By Ana Inis Cibils ,AFP
MONTEVIDEO, Uruguay — Uruguayan president-elect Tabare Vazquez, a cancer doctor returning to the country’s highest office a decade after launching an anti-smoking crusade, faces a dilemma over his predecessor’s landmark marijuana law. Vazquez, who served as Uruguay’s first leftist president from 2005 to 2010, won a run-off election Sunday, playing political leapfrog with current President Jose Mujica, his Broad Front (FA) party colleague, in this country that bars presidents from serving consecutive terms. Under Mujica, Uruguay became the first country in the world to fully legalize marijuana all the way from the cannabis field to the joint, setting up a regulated market for cultivation, sales and use. But though the legislation officially came on the books in April, implementation has gotten off to a slow start, complicated by election-year politics and polls showing that two-thirds of Uruguayans oppose the measure. The law faces an uncertain future when Vazquez, a buttoned-down politician with a traditional style, takes over from colorful rabble-rouser Mujica on March 1. Vazquez, 74, made anti-tobacco legislation one of his top priorities when he was first elected in 2004. He signed strict anti-smoking bills making Uruguay the first country in Latin America to ban smoking in public, forcing cigarette-makers to cover their packaging with graphic cancer warnings, and banning tobacco ads. That put him on a collision course with tobacco giant Philip Morris, which is suing the South American country for US$25 million in an ongoing case.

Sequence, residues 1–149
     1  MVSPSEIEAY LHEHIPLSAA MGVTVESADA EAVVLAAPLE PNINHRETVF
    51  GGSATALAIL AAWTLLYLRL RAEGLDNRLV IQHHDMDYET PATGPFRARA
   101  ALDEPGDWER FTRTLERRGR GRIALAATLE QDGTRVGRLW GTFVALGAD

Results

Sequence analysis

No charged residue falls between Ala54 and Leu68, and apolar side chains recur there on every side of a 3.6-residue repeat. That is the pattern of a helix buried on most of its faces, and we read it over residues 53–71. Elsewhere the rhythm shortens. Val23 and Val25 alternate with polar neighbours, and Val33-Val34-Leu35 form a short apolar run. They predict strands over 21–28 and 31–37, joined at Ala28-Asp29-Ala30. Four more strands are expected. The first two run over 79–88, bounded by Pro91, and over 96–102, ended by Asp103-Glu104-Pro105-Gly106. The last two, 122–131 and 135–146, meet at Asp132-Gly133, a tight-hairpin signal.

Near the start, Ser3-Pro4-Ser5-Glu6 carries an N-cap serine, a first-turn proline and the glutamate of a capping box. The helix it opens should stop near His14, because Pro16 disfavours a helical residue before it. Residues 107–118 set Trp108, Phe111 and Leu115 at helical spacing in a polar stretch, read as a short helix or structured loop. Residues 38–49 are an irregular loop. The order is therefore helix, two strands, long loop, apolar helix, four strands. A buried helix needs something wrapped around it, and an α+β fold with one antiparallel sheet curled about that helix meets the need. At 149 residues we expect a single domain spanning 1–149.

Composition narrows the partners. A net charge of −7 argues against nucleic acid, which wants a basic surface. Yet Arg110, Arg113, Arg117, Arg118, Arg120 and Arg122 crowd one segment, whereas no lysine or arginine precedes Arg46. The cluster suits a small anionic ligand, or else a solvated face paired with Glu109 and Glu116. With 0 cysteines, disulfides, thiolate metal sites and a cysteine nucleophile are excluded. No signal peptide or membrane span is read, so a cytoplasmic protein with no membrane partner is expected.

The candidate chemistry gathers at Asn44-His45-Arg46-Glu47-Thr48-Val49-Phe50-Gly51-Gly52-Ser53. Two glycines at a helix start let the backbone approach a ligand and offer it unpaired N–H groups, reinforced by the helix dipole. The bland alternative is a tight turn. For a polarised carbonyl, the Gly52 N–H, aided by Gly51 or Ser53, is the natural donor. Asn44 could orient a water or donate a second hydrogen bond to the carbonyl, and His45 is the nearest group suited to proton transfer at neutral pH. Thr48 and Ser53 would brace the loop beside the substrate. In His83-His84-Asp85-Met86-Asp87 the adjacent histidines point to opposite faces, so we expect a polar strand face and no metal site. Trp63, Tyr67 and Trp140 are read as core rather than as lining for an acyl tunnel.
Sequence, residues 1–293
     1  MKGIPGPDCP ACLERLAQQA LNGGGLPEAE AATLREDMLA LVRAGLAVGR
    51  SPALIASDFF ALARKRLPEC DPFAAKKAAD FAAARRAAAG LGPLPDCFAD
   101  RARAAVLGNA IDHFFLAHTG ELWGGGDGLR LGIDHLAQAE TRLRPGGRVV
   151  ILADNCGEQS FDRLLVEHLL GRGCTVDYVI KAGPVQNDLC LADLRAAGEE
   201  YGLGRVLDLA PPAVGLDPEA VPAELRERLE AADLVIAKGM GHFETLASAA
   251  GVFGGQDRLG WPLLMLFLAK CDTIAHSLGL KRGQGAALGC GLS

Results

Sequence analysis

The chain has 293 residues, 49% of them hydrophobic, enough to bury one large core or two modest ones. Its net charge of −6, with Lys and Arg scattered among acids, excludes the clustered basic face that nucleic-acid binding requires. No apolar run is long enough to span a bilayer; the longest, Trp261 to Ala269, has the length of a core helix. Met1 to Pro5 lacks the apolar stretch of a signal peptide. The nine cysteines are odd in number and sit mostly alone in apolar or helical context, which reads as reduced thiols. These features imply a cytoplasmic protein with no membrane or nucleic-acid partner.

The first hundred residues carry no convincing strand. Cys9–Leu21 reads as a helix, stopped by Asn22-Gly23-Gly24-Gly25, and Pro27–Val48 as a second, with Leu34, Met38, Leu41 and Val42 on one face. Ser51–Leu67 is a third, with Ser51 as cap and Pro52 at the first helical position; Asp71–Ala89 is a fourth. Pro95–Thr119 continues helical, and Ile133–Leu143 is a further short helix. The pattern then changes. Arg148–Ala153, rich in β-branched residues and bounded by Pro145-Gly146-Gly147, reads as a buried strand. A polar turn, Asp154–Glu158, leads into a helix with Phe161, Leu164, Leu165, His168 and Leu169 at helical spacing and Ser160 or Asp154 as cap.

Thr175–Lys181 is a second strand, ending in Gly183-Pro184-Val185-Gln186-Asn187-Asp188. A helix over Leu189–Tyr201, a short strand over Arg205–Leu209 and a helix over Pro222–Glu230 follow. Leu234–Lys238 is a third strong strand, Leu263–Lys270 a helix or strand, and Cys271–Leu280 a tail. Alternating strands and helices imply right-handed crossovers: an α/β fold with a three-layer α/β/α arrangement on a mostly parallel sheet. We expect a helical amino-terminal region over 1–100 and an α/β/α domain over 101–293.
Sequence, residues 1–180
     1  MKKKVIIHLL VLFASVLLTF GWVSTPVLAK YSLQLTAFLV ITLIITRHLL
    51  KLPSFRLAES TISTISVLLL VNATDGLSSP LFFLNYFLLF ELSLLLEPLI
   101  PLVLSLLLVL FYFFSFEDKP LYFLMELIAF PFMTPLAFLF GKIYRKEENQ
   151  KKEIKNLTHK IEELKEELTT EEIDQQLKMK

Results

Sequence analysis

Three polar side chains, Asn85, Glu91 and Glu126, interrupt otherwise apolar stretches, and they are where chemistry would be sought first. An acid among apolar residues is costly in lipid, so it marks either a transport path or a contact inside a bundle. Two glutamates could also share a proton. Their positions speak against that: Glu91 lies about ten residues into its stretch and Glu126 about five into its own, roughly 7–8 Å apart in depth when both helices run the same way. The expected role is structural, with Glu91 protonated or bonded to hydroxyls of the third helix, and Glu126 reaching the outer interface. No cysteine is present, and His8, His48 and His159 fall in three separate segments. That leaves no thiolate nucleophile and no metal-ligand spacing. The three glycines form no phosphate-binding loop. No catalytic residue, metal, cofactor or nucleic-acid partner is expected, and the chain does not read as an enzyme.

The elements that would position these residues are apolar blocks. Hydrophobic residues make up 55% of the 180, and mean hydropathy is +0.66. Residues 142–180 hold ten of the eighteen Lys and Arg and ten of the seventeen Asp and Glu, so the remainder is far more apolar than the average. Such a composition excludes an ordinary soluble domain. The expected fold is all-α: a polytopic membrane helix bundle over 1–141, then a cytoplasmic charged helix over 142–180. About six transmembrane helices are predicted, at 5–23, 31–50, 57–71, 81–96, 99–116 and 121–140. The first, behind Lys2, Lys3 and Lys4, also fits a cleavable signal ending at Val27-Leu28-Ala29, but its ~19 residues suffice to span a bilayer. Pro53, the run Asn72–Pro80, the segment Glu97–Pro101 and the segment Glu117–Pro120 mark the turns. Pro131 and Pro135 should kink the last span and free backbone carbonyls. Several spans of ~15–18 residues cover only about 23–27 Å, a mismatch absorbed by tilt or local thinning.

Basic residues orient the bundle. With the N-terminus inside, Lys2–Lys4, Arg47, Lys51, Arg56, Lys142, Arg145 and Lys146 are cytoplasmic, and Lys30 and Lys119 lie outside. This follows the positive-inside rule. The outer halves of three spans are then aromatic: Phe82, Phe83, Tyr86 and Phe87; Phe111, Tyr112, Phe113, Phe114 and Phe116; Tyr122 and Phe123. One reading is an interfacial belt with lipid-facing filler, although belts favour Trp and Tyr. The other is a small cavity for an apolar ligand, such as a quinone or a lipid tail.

‘Any corrections necessary’ Vazquez’s anti-smoking crusade is a kind of homage to his blue-collar family, which lost three members to cancer �X his mother, father and sister �X in the 1960s, when he was putting himself through medical school. The oncologist is so dedicated to medicine that he continued practicing throughout his first presidential term, though he has said he will give it up this time around. On the campaign trail this year, Vazquez spoke out forcefully against smoking pot.